On many days outside his Huntington Beach café, owner Juan Carlos Santibáñez looks out onto the ocean across the street, feeling lucky and surprised at his life’s latest turn.
About two months ago, he opened LuLi Café, a little eatery of his own culinary imagination. He named it after his Peruvian grandmother.
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The little spot in a strip mall at Warner Avenue and Pacific Coast Highway, across the street from the Bolsa Chica State Beach parking lot, offers sorbets, typical American diner and breakfast fare, as well as Peruvian dishes, including Peruvian-style tamales, ceviche and seco de carne (braised beef in a cilantro sauce, served with rice).
“I’m still playing with the menu,” he said with a smile.
But Santibáñez is part of the attraction, too.
His infectious, positive attitude is apparent near the café’s entrance. Santibáñez wrote some thoughts there on the day he opened LuLi Café, and they’ve remained there since: “Today is my day. Very proud. Very honored. Very humbled. Very grateful. Very happy. Love the life you live and you’ll live the life you love.”
“I want people to feel like they’re at home,” Santibáñez said. “I don’t want you to do anything but eat and enjoy yourself.”
Santibáñez is living his own proud and grateful American Dream. He first came to the United States from his native Peru in 1989 with $300 in his pocket.
He was a valet driver for many years, parking cars in and around Hollywood.
“Here I am, coming from South America, watching all the American movies, and all of a sudden Mike Tyson is in front of me,” Santibáñez said of his early California days.
Santibáñez ended up running his own valet parking company that served Mr. Stox, a landmark Anaheim restaurant.
But then he pivoted to running operations for a moving company. However, during the Great Recession in the late 2000s, Santibáñez lost everything, including his house.
By chance he ended up running into a friend at Costco who convinced him to go into the restaurant business.
That led to him managing Barolo by the Sea, an Italian restaurant on Balboa Island, and then a small café at the Palisades Tennis Club in Newport Beach, where he had played.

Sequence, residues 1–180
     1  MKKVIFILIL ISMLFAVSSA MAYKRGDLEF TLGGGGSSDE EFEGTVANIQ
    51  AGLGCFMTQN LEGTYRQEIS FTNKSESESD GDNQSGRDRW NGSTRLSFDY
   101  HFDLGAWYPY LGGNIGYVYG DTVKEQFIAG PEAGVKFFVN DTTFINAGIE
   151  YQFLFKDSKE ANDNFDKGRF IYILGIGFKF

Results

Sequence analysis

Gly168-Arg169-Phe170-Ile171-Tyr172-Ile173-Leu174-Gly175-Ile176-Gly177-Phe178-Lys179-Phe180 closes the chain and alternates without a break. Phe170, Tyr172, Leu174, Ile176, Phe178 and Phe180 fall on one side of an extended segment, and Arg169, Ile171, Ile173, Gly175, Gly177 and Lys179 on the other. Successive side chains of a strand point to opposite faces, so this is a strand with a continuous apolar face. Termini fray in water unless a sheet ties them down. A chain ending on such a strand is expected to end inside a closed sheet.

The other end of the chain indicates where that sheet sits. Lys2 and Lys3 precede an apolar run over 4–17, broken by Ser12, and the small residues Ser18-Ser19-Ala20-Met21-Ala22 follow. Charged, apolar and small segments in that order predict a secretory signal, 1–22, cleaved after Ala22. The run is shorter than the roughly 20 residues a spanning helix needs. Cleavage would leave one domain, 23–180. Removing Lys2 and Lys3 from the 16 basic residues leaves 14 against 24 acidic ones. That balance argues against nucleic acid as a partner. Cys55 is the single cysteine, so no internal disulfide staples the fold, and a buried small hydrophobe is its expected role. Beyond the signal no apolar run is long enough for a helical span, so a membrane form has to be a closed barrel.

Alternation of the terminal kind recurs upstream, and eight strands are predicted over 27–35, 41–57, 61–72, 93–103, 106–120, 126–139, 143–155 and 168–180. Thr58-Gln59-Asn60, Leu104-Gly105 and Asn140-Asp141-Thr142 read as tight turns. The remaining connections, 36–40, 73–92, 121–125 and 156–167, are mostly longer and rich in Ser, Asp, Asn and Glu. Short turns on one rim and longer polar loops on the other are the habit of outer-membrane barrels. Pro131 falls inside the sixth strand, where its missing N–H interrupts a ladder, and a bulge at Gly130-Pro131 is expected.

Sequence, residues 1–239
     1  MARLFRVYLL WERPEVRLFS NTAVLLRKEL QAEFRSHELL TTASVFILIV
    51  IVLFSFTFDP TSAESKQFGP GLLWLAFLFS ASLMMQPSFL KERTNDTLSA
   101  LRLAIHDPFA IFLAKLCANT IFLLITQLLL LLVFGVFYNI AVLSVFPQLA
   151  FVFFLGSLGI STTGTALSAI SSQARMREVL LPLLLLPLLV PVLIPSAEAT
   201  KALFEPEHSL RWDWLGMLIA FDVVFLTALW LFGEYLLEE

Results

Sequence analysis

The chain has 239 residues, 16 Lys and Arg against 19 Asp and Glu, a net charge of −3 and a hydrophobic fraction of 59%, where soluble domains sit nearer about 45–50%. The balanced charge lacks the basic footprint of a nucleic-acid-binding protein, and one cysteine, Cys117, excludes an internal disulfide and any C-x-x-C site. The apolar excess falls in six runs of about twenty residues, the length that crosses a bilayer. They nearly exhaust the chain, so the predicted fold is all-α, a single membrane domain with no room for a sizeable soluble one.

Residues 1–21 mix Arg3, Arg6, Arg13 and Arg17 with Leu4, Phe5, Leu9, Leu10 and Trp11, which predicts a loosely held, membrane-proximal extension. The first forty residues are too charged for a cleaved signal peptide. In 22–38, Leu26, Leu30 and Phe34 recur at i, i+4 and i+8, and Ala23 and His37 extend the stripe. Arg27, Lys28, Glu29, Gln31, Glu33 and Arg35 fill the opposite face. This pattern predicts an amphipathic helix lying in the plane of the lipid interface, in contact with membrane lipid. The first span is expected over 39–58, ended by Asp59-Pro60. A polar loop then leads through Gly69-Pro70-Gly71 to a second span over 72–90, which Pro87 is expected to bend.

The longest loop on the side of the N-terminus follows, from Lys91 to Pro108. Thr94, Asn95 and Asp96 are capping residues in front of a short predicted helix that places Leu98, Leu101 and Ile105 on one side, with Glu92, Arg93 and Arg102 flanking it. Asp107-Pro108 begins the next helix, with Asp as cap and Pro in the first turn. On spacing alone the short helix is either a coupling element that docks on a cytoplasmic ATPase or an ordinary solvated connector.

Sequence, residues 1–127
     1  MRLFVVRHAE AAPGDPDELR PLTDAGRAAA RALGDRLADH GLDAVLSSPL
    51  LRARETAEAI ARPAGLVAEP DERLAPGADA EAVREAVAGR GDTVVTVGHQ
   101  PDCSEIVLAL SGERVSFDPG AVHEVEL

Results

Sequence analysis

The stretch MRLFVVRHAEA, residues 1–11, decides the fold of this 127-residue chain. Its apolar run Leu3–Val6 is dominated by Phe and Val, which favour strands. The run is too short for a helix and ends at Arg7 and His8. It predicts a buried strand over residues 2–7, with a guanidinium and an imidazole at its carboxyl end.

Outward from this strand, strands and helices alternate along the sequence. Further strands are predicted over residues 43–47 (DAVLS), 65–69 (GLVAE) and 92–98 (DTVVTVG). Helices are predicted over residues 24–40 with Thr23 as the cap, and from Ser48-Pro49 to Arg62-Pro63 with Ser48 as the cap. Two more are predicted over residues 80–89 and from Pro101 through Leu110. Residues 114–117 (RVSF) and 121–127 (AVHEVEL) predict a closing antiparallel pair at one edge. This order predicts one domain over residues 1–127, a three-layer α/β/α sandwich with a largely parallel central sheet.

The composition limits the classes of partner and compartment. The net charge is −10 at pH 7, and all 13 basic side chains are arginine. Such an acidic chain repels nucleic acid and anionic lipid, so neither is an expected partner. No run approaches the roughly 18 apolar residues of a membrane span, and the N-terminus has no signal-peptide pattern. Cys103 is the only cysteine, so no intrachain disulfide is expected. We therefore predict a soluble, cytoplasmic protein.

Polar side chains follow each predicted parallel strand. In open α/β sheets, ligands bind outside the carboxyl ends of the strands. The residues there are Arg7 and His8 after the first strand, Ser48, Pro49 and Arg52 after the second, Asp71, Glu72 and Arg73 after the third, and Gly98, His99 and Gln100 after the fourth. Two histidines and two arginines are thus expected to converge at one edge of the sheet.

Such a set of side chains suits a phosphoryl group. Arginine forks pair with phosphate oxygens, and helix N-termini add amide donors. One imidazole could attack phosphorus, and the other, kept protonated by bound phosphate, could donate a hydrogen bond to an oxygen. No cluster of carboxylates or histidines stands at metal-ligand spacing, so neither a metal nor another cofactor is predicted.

In October, wanting to go into business for himself, he opened LuLi Café at 3801 Warner Ave in Huntington Beach. The suite formerly was Secret Spot, a vegan restaurant that has since moved to another site nearby.
LuLi Café is small — only about 10 chairs inside — and modestly decorated. But what is on the walls means a lot: pictures of LuLi, 88. She is overjoyed at her grandson’s success in America.
“She’s always happy. Smiling,” Santibáñez said.
Santibáñez, who lives in Huntington Beach, said he remains inspired to serve others in the hospitality industry based on an experience he had in Peru.
As a teenager, he once drove to a remote inn with some friends, stayed the night but ditched before paying the bill. Then, several months later, he found himself back at that place with his family, who incidentally knew the owner.
The owner didn’t recognize Santibáñez at first, but upon learning he was the kid who had bailed on the bill earlier, he didn’t seem to take the slight to heart. Rather, the owner prepared Santibáñez’s family a custom-made dinner.
After taking their order, the owner donned swim gear, grabbed a harpoon and waded beyond the waves to catch the crab, octopus and rest of the seafood himself.
For Santibáñez, it was an act of unforgettable, heartfelt hospitality.
“That experience has never left my mind,” he said.
So don’t be surprised if one day you see Santibáñez grabbing a snorkel and seeing what’s beyond the water’s edge across the street from his restaurant, just to make his customers happy.